I still remember the boy I loved. How can anyone ever forget the first requited love of their life?
It’s been years since then, and I’ve turned into a wry spinster of sorts. But still, I can’t forget random small memories of him. Like how, for example, he once caught me in a hallway as I passed, pulled me inside an empty classroom, and laughingly whispered a few bits of nonsense in my ear before letting me go on my way, with my face burning, because he’d just kissed me.
Ours was a tender relationship, with the blessing of our respective parents to boot. Who knows, maybe it would have fledged into something serious. Alas, it was not to be, because the inevitable happened—my first boyfriend moved away, ending the small gestures of affection that characterize puppy love, and leaving behind a little girl crying out for her first love.
* * *
I am the first to tell my friends that a long-distance relationship cannot work. Lovers’ promises of undying affection and devotion cannot survive the great divide of time and space. Or can they?
* * *
“…and be sure of this: I am with you always, even to the end of the age” (Matthew 28:20 NLT)
When I read the last chapter of Matthew a few months ago, I was incredibly perturbed. I felt a great and extreme sadness. How could anyone that loved Jesus, that walked with him, that enjoyed close friendship and communion with the Son of God not be overcome by the sorrow? Sure I knew about the logistics of the master plan—the Holy Spirit coming to earth as the comforter, etc. That wasn’t the point.
You see, I knew the singular pain that comes with the realization that things are not the same, and that the hope of eventually meeting up again is not enough to keep a relationship going.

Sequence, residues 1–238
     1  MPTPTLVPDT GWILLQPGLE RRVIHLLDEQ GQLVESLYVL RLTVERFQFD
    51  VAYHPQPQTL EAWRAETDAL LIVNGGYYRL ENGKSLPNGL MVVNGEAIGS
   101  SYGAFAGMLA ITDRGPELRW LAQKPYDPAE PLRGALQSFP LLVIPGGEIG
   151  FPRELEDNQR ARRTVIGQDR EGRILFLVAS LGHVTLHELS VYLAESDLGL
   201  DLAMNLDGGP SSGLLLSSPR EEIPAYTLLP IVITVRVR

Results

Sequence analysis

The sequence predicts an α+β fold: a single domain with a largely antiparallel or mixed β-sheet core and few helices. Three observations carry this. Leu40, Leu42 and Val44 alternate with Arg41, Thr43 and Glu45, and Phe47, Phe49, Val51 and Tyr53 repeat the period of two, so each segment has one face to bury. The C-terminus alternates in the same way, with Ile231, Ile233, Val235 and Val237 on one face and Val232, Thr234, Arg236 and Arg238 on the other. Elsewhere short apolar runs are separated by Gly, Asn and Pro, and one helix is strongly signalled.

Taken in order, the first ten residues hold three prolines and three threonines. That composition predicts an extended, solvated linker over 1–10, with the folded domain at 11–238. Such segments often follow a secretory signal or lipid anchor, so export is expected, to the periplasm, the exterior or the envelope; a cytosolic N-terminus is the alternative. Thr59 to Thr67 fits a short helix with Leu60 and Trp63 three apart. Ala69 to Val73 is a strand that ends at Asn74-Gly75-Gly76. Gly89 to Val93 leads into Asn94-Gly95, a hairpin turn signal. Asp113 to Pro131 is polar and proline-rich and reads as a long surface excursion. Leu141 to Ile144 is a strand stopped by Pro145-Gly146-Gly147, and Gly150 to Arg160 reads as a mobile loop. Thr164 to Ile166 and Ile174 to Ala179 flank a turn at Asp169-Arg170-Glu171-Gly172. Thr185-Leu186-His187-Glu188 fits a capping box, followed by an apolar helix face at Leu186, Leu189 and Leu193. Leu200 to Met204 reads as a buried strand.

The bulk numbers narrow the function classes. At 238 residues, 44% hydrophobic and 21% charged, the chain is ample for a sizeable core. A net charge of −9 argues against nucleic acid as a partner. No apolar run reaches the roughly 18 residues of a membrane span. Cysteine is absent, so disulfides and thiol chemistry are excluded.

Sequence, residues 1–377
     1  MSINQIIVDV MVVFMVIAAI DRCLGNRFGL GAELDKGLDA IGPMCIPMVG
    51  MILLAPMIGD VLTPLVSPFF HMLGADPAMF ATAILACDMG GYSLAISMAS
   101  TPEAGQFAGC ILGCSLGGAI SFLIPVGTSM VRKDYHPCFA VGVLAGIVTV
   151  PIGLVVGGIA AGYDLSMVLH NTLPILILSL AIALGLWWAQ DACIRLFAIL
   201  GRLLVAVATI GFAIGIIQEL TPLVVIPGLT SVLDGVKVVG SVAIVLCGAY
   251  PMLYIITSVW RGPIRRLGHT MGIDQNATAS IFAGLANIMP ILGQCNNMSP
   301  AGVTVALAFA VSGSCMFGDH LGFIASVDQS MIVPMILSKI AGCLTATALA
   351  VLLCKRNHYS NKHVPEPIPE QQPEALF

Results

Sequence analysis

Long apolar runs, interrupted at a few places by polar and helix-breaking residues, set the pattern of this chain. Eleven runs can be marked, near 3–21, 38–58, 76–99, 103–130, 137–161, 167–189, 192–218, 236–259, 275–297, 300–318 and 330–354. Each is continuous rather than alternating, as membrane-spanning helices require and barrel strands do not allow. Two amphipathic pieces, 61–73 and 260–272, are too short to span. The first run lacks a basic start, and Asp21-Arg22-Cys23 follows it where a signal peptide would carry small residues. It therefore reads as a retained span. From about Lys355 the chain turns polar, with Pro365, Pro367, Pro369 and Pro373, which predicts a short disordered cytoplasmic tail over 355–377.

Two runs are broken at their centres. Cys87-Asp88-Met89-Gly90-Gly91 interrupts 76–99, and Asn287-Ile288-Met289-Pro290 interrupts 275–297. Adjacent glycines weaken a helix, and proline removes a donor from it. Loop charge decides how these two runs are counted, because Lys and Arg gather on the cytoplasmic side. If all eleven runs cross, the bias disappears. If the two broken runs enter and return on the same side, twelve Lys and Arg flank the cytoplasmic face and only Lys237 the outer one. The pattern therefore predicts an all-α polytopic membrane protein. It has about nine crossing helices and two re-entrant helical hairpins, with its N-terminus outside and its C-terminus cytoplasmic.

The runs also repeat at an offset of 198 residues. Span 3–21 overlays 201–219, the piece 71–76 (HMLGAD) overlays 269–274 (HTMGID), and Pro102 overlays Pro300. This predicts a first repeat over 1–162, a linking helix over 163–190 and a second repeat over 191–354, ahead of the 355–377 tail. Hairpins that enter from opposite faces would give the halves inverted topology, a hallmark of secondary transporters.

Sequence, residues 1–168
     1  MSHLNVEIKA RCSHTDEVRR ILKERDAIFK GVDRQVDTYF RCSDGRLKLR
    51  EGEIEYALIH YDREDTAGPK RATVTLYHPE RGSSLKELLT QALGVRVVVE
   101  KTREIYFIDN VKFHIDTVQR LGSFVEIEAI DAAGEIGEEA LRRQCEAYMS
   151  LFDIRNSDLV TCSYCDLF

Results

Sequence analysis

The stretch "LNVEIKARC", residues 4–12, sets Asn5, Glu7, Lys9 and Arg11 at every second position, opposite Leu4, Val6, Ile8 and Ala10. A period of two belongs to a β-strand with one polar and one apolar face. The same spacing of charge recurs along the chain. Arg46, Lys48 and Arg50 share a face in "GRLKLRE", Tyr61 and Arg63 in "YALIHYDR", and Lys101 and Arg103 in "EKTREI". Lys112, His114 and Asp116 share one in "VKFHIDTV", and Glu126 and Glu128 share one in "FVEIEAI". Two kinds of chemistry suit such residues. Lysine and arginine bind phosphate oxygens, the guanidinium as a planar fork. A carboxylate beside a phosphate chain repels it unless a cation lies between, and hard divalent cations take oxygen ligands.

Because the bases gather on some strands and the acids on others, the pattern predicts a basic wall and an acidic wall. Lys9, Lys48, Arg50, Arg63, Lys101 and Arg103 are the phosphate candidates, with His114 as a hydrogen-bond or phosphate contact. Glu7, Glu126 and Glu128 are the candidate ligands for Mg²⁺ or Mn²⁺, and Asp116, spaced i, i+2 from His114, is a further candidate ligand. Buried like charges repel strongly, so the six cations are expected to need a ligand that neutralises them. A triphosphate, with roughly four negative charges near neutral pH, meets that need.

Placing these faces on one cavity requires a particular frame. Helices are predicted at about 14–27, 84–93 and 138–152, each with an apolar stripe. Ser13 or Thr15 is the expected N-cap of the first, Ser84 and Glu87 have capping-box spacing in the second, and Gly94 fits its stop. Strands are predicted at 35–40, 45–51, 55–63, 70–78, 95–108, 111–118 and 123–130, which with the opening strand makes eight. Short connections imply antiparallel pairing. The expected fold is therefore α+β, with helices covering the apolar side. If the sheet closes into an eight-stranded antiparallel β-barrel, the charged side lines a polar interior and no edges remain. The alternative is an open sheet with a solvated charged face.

* * *
“…I have loved you, my people, with an everlasting love. With unfailing love I have drawn you to myself” (Jeremiah 31:3 NLT)
If it were up to us humans to keep the relationship going (if it were based on our love and faithfulness), then surely whatever relationship we could have with Jesus would end soon after it sparks into being. But God’s love is as everlasting as God himself is.
I take hope in the knowledge that God himself is the guarantee of this relationship working out even when we can’t enjoy physical proximity. I believe that the ties of love that bind you and me to heaven are stronger—infinitely stronger than any human-forged ties. There is no beginning of His love, nor an end of it. It is boundless and ever present.
Physical separation is not enough to break such ties, and neither is our betrayal or our sin or our forgetfulness powerful enough a reason to break the love of God.
* * *
I bask in the knowledge that there is one who loves me greatly and tenderly. I read his love letters every day, and talk to him continually.
I’m 27 years old, my love life is a total wasteland. To most people I appear to be the one that disdains romance, who is proud of being the opposite of a man-magnet. A cynic. But truly, that’s all just a flimsy front.
My Heavenly Prince is the one that makes and keeps me hopelessly and incurably romantic.